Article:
• Who’s to Blame?

    The Bank of England’s chief economist, Andrew Haldane, has had the good grace to admit that the Bank’s forecast of the likely economic consequences of Brexit – that consumption, employment, share values and economic activity in general would fall – was, at least in the short term, mistaken.  The British economy, since the Brexit referendum, has prospered and has out-performed most other developed economies.

    In making his mea culpa, he acknowledged that the error had further weakened confidence in the economics profession, but it is not only economists who must shoulder the blame.  There was no shortage of establishment voices – business leaders, media commentators and politicians in particular – who issued similar ill-founded warnings; remember George Osborne’s need for an “emergency budget” in the event of a decision in favour of Brexit?

    In reality, Andrew Haldane did no more than concede the truth of what had already become apparent.  But the interesting aspect of his admission is not the fact that he made it, but the explanation for the error that he offered.

    The experts, it seems, did not take into account the “irrational behaviour” of those who live in the real economy, rather than in one of those economic models so beloved of economists.  If only people had reacted to Brexit as the experts thought they should, the forecast would have passed with flying colours.

    Let us pass over for the moment the irony that what was supposed to be an admission of error on the part of those who claim to know best became the vehicle for, yet again, shifting the blame for the error on to those who were supposedly too stupid to listen to what the experts told them and to know what was expected of them.

    It is nevertheless worth pausing for a moment to unpick the convoluted logic employed by Andrew Haldane to explain what went wrong and presumably endorsed by those many others who are used to being taken very seriously on important matters.

    The starting point, it seems, is that those who know best were agreed that Brexit would be an economic disaster.  At this stage of the argument, facts and rational analysis were apparently not needed to validate this position.  It was enough that they said that it was so – and they were then able to construct a whole supposedly “economic” forecast on the basis of this rickety and insubstantial foundation.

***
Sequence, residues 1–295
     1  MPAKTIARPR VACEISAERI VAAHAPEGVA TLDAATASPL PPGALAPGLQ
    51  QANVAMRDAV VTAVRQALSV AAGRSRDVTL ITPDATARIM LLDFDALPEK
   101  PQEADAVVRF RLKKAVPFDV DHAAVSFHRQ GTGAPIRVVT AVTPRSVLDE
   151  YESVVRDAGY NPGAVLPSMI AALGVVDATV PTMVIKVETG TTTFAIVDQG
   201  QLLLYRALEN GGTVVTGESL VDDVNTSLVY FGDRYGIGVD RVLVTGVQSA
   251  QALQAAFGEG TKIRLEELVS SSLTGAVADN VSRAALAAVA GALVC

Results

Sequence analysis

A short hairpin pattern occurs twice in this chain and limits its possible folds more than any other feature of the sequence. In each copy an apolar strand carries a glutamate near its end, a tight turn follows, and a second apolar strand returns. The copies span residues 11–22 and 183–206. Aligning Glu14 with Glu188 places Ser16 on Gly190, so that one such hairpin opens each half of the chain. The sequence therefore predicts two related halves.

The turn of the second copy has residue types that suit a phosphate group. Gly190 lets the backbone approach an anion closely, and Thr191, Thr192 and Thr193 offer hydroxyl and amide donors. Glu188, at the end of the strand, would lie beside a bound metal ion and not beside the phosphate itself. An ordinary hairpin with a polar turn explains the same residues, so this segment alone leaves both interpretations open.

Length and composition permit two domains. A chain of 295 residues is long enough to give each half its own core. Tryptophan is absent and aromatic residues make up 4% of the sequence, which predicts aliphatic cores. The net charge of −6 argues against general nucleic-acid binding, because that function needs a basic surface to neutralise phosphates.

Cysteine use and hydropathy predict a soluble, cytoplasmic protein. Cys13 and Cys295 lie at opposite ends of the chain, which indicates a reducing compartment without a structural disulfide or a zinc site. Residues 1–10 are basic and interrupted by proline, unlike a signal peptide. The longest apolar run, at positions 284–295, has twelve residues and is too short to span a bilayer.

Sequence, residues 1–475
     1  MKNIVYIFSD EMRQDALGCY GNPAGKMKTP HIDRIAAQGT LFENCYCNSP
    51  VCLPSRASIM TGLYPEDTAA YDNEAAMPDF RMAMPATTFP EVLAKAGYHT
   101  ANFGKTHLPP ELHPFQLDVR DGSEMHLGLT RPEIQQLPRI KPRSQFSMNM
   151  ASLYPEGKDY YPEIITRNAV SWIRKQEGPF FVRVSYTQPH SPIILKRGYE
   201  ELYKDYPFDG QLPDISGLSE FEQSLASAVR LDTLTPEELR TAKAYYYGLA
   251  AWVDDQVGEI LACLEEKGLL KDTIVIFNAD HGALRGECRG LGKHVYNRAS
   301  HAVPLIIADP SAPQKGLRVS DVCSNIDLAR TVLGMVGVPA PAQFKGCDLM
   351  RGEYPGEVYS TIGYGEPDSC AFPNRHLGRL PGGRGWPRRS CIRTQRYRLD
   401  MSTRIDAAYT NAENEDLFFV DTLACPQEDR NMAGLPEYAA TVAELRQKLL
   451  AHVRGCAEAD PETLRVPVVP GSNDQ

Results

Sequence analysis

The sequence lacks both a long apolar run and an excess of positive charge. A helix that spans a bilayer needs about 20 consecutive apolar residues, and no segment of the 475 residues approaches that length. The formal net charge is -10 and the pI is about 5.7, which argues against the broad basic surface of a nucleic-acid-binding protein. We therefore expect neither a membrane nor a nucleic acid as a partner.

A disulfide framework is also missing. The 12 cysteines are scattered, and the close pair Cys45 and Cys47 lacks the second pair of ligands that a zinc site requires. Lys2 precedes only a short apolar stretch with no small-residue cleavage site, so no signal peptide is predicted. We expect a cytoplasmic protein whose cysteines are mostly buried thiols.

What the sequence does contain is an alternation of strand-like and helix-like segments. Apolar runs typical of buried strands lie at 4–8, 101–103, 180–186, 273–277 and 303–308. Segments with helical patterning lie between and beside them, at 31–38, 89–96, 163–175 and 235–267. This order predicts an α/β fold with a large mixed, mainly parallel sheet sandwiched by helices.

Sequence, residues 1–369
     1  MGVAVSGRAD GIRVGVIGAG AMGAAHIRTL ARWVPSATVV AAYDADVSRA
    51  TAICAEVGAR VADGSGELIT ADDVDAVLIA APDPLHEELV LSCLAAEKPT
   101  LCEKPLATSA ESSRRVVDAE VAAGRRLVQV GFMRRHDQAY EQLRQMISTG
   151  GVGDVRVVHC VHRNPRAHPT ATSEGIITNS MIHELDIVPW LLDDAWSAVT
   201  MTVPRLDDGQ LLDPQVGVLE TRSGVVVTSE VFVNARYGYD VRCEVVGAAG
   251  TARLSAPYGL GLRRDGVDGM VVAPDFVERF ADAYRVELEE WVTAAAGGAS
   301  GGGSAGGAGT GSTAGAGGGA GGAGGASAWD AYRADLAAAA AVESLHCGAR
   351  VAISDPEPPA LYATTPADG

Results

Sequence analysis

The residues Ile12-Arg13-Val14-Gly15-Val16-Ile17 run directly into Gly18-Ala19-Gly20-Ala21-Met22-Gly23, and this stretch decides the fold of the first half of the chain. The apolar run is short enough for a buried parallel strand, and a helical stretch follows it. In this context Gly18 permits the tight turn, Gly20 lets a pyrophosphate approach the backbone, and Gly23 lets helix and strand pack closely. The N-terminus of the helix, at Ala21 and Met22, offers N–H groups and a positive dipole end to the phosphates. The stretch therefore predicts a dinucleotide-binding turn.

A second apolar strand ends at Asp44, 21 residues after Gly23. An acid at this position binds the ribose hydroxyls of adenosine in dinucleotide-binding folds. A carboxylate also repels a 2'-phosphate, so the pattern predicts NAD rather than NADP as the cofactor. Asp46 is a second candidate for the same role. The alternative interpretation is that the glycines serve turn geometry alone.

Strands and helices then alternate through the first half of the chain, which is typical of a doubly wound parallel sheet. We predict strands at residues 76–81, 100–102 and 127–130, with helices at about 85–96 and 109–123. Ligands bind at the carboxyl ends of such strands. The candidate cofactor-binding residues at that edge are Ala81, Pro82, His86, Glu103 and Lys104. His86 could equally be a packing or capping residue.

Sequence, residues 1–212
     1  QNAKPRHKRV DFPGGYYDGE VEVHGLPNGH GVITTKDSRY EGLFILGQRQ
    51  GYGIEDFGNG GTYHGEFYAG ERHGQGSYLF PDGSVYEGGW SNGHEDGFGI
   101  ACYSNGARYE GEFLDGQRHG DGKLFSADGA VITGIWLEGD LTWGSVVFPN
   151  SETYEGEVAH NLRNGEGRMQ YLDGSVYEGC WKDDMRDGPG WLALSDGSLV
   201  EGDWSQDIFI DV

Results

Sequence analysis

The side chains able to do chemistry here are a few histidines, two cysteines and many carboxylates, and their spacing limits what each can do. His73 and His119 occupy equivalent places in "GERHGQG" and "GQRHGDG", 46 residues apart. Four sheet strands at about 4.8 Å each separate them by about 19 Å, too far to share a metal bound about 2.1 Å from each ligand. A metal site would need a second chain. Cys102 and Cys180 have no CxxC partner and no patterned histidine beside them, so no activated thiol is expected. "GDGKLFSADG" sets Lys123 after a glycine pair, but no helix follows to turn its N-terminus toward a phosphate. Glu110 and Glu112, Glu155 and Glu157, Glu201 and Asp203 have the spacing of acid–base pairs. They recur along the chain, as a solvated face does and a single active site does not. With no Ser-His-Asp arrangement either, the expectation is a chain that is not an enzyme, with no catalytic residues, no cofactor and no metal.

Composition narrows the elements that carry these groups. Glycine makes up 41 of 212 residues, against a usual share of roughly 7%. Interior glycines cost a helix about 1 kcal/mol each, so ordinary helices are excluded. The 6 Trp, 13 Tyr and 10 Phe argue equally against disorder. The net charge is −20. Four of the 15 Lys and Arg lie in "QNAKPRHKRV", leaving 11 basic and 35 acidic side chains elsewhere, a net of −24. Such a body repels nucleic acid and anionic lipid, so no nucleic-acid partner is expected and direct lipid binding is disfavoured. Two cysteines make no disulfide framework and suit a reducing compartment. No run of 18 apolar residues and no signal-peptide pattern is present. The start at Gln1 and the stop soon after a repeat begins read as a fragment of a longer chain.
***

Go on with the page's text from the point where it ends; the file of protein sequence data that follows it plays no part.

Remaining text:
It was then assumed that this consensus on the part of the important people – those who just knew, whatever the arguments, that we must belong to a particular economic arrangement called the European Union (not the “Europe” to which we have belonged from time immemorial) – would be listened to and acted upon.  It therefore followed that, in the event of a pro-Brexit vote, the British people would be so alarmed that they would lose all confidence in their economic future, and their reaction would produce such a downturn in economic activity as to validate the initial projection as to what would happen.

    This circular process, where it was not the prediction itself but the response to the prediction that was at issue, was no more than an exercise in picking oneself up by one’s own bootstraps.  The British people, however, failed to react according to the script.

    Perhaps they were not impressed by a perennial deficit in our trade with “Europe” in manufactured goods, or by an unstoppable inflow from “Europe” of cheap labour, or by the prospect of further concessions to meet the interests of major corporations at the expense of working people.

    Perhaps they sensed that they had lost what has long been an essential part of the British heritage – the power to govern ourselves – and that it had been lost to a hegemonic continental power which, parading as “Europe”, was in reality a direct successor to many earlier attempts to establish just such a hegemony.

    Whatever the explanation, the fact is that they have so far reacted positively to Brexit when the experts said that they would pull in their horns.  The lesson we should learn is that experts are valuable when they deploy their expertise accurately – but postulating an a priori position and then seeking to validate it retrospectively on the basis that – true or false – people will believe it and act upon it is not expertise but charlatanry.

    Bryan Gould

    7 January 2017